Let’s Speculate! Potential Texas Tech head basketball coach candidates
Welcome to Let’s Speculate! on Coaches Database, where we go through programs that are or may soon be looking for a new head coach and speculate who they may hire next.
Today’s program is Texas Tech, coached by Chris Beard for the last six seasons (left for Texas on April 1).
- Grant McCasland – North Texas head coach
- A rising star in college basketball, McCasland won an outright Conference USA title in his third season up I-35 at North Texas. A native of Irving, TX, McCasland played at Baylor and has spent most of his coaching career in the Lone Star State – prior gigs include include assisting James Dickey at Texas Tech and Scott Drew at Baylor, as well as being the head coach Midland College and D-II Midwestern State. It won’t be long before the 44-year-old to gets the call up to the highest level, and Texas Tech would be smart to keep him squarely at the top of the list.
- Joe Golding – Abilene Christian head coach
- Golding has done a tremendous job at his alma mater, taking over just before the transition to D-I and leading the Wildcats to two NCAA Tournaments in the last three years. Just last month, his ACU squad took down the Longhorns in an opening round upset that likely signaled the end of Shaka Smart’s tenure and indirectly put Tech in this situation. He is a proven winner, though he has yet to coach at a Power Five school (not even as an assistant) so that probably moves him down the pecking order a little bit.
- Mark Adams – Texas Tech associate head coach
- The architect of the Red Raiders’ staunch defense, Adams has been a key member of the staff since Beard arrived and was promoted to associate head coach just last year. Adams has been with Beard since 2015 and had an earlier stint at Tech as Tubby Smith‘s DBO from 2013-15. He’s got head coaching experience, albeit mostly at the lower levels, and it is possible he will follow Beard to Austin. But Adams makes a lot of sense as head coach and may be able to help maintain some consistency in a program that is currently suffering a mass exodus of talent.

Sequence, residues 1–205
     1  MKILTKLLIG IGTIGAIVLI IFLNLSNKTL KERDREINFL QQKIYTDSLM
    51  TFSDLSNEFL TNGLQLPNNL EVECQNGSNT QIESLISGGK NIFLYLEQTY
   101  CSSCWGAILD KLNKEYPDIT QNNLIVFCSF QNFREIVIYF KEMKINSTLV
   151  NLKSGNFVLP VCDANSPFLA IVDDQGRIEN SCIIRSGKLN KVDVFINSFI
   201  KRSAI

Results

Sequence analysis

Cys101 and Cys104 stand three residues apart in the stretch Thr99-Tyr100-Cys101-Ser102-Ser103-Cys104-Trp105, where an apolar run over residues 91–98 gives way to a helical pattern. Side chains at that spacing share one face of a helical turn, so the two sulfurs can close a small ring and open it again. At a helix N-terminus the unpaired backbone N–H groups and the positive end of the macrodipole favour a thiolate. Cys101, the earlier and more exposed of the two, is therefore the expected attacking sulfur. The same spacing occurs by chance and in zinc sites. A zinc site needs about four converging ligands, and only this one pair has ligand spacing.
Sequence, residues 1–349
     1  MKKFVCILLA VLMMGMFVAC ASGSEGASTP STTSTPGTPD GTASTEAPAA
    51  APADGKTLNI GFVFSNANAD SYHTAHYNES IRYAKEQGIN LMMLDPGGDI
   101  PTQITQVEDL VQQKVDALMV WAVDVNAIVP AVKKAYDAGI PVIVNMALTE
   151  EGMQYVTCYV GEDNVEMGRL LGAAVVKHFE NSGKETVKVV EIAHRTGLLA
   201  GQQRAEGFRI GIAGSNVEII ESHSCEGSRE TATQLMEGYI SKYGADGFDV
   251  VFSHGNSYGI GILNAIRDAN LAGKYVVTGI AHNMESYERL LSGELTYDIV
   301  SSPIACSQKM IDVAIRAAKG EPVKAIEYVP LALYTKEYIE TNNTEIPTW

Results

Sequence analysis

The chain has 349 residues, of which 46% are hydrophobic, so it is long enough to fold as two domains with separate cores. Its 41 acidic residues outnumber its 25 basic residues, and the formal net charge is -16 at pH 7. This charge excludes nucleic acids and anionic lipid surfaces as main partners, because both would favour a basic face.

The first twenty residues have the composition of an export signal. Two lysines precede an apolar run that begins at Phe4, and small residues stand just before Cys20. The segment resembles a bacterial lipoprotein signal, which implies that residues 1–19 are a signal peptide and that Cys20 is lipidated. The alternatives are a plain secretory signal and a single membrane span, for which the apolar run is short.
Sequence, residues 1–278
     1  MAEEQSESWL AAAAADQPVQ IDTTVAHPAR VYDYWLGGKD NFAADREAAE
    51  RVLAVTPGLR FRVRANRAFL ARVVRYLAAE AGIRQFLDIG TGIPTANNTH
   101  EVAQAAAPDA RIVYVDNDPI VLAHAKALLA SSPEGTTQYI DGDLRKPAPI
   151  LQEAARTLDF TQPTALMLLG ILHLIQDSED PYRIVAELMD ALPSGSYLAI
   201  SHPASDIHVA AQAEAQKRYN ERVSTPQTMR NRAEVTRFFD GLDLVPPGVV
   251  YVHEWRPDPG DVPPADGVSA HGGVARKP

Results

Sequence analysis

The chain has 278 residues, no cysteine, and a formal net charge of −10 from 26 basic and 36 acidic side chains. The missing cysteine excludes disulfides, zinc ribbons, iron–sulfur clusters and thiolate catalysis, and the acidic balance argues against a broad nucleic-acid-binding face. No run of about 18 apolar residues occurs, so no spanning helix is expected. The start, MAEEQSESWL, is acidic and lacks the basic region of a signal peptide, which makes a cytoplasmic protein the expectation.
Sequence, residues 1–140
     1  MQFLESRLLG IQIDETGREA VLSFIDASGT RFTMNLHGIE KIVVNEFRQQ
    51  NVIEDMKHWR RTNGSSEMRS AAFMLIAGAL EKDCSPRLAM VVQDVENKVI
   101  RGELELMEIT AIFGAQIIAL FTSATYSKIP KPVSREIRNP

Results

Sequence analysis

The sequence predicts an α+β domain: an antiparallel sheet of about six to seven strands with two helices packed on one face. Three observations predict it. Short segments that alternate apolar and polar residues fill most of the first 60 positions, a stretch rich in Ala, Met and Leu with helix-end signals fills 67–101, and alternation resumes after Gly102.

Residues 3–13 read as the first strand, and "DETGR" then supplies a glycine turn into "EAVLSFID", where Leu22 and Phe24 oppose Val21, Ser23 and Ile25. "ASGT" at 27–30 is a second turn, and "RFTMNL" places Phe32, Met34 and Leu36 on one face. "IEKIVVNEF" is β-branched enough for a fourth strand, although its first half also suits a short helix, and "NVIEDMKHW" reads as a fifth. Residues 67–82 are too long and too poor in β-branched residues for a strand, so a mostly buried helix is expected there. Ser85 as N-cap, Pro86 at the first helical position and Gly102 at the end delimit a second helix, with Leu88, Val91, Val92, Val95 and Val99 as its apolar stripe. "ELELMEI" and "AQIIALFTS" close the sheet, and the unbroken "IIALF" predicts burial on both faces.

- Chris Ogden – Texas-Arlington head coach
- Ogden was an assistant under Beard at Texas Tech for two years before he got his current gig. In his first year at Texas-Arlington, his Mavericks finished 2nd (12-6) in the Sun Belt and Ogden was named Sun Belt COY. He was a long-time assistant under Rick Barnes, whom he played for at Texas (he was part of the Longhorns’ 2003 Final Four squad). He worked at his alma mater for 12 years, working his way up from student assistant to full-time assistant coach, then spent one year with Barnes at Tennessee before coming back to his home state.
- John Beilein – former Michigan head coach
- After leaving his position with the Cavaliers, Beilein immediately became the subject of speculation that he would be looking to take another collegiate job. He has an undeniable resume and would be an absolute home run hire for any program, and Texas Tech presents a great opportunity to come in and win for a few years to cap off his career. The flip side, however, is that he is already 68 years old and likely won’t spend much more than 5-7 years at whatever school hires him.
- Chris Jans – New Mexico State head coach
- Jans has been at NM State since 2017 and during his tenure he has won three WAC regular season titles, been to the NCAA Tournament twice and has an impressive overall record of 95-25. A major program is going to hire him at some point soon and he definitely makes sense for Tech. He does come with some baggage, having been fired after one season at Bowling Green after being caught on video making inappropriate, drunken comments to a woman in an off-campus bar. He also has close ties to former Wichita State head coach (recently disgraced after reports of physical abuse of WSU players and coaches came to light) Gregg Marshall. But the former didn’t stop NMSU from hiring him and both of those things are unlikely to keep a high-major program from taking a shot at him, either. Winning has a tendency to cause ADs to overlook things like that.